Nearly two weeks after a mass shooting in Isla Vista, Calif., a trio of the state's Democratic lawmakers introduced federal legislation intended to keep guns out of the hands of people who pose a risk of committing violence.
The Pause for Safety Act, sponsored by Sens. Barbara Boxer and Dianne Feinstein with Rep. Lois Capps of Santa Barbara, would enable family members and others to seek a court order to stop a dangerous person from purchasing or possessing a firearm.
"We must do everything in our power to keep firearms out of the hands of those who pose a serious risk of harm to themselves or to others," Feinstein said.
On May 23, 22-year-old Elliott Rodger stabbed three people and shot three others in a rampage near the University of California, Santa Barbara. He then died of a self-inflicted gunshot. Rodger was undergoing treatment for mental illness and family members worried he might hurt himself or others. But law enforcement officers didn't see any red flags when they interviewed him before the burst of violence.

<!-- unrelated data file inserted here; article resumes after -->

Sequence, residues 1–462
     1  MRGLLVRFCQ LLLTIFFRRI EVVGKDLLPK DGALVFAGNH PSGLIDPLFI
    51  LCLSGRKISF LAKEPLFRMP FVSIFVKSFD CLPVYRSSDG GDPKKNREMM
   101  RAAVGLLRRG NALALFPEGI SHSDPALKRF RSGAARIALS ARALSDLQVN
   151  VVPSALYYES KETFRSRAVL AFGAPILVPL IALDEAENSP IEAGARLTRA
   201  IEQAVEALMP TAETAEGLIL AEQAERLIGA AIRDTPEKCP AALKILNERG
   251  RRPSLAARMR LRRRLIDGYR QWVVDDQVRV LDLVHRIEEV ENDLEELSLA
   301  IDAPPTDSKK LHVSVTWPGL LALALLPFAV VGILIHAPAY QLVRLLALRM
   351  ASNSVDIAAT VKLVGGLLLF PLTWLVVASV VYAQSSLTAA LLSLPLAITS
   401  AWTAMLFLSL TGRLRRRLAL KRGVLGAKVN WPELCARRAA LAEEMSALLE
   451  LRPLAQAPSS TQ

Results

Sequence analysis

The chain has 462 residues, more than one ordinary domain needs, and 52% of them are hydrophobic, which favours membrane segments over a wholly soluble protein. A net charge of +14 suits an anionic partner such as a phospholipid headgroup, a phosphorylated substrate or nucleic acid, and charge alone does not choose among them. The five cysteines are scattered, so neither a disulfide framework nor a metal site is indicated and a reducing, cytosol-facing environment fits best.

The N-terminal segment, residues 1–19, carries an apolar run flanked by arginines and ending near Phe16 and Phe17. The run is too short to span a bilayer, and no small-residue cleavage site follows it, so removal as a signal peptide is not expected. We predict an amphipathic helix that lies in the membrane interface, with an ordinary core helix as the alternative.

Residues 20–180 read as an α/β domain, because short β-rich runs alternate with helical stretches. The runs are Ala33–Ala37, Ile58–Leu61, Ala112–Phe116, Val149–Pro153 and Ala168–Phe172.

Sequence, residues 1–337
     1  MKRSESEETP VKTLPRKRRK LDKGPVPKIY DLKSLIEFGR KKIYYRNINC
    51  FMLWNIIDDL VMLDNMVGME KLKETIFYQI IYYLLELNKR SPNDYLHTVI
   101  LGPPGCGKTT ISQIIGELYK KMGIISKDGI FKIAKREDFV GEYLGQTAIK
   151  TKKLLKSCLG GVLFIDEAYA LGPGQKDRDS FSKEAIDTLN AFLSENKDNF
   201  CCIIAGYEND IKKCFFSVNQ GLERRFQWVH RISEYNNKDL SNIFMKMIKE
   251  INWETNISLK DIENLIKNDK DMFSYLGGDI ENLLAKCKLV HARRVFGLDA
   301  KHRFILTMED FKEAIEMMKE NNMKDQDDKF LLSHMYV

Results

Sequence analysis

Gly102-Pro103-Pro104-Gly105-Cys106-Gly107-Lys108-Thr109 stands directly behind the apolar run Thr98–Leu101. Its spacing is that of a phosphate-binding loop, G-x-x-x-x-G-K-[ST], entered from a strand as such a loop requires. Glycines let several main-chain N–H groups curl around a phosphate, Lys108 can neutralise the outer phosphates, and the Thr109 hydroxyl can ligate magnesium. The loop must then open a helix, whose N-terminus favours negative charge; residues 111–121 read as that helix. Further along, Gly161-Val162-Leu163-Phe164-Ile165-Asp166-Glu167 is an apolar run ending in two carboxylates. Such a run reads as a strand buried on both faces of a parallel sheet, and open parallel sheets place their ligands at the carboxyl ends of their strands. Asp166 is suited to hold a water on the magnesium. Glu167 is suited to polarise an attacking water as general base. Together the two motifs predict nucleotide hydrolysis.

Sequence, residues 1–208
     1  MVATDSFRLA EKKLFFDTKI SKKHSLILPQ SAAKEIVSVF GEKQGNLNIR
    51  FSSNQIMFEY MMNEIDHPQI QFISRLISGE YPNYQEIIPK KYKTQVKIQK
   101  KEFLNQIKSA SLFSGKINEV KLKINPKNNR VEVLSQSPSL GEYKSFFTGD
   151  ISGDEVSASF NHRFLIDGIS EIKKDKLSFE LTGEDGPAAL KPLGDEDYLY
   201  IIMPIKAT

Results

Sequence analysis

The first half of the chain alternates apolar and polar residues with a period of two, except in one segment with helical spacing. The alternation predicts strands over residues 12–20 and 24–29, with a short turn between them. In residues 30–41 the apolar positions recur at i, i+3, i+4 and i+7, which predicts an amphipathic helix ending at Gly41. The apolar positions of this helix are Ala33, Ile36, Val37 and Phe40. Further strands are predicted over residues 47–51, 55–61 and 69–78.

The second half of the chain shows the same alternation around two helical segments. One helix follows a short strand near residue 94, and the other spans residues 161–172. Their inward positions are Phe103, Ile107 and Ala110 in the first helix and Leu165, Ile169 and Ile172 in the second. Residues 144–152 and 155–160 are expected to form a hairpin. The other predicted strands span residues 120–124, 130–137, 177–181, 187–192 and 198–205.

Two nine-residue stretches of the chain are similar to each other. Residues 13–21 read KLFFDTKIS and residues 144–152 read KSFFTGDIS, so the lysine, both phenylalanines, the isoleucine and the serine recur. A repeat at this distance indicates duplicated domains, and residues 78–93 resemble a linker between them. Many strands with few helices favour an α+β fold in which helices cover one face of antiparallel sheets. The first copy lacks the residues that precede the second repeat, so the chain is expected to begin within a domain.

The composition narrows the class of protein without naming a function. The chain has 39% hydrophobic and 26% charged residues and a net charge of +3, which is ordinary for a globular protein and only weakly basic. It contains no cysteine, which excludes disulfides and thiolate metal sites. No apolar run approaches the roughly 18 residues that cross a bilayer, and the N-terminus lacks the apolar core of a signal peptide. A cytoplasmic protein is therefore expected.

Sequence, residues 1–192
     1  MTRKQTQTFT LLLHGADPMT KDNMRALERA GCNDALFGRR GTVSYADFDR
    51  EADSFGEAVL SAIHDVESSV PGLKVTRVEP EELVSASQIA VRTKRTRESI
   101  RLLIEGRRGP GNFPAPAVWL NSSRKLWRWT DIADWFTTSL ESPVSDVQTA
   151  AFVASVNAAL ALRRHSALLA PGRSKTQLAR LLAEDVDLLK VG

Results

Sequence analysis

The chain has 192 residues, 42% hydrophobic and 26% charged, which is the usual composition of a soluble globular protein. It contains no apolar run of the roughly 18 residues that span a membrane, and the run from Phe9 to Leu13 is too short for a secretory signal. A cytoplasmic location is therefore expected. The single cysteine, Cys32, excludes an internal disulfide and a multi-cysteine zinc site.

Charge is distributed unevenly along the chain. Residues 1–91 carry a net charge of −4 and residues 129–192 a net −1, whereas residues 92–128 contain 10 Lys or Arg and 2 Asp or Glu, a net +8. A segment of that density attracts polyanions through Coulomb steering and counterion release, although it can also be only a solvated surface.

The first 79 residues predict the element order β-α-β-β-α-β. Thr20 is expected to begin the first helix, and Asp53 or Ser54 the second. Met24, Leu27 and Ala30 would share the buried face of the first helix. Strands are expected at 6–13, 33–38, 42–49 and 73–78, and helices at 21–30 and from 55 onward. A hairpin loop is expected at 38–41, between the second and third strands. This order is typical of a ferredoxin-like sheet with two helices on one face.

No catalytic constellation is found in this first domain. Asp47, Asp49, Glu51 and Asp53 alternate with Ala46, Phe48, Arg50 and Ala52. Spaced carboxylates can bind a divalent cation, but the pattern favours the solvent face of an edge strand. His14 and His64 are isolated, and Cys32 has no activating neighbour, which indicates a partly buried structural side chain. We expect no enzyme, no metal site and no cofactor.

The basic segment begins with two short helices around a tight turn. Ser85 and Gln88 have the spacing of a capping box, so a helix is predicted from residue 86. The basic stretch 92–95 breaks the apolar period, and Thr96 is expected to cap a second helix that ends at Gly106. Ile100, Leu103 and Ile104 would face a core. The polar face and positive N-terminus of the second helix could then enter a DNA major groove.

"It is haunting to me that the family of the gunman was desperate to prevent an act of violence and alerted police, but they were still unable to stop this tragedy," Boxer said.
Feinstein knows the issue personally. In November 1978, former San Francisco Supervisor Dan White shot and killed both Mayor George Moscone and Supervisor Harvey Milk at city hall. Feinstein, then president of the Board of Supervisors, found her colleagues' bodies, and it fell to her to deliver the shocking news to the media.
Though a series of horrific mass shootings in recent years in Virginia, Arizona, Colorado and Connecticut has driven a new push for stricter gun laws, gun-rights groups have pushed back. A bipartisan bill to broaden background checks for gun purchases failed in the U.S. Senate last year, as did an effort by Feinstein to renew a ban on military-style assault rifles.
The latest bill comes as members of Congress are preoccupied with midterm elections. The National Rifle Association has typically opposed any legislation, state or federal, that seeks to limit firearms possession, and has funded efforts to defeat lawmakers who support such measures.
Three state lawmakers, meanwhile, are pushing a similar bill in California.
"We need reasonable, common sense solutions so that we all feel safe in our homes and out in our communities," Capps said.
CORRECTION: This post has been edited to reflect the number of people who died of gunshots in Isla Vista. It is four, not seven.
PHOTO: In this April 18, 2012, file photo Sen. Dianne Feinstein, D-Calif., head of the Senate Select Committee on Intelligence, speaks on Capitol Hill in Washington. Associated Press/J. Scott Applewhite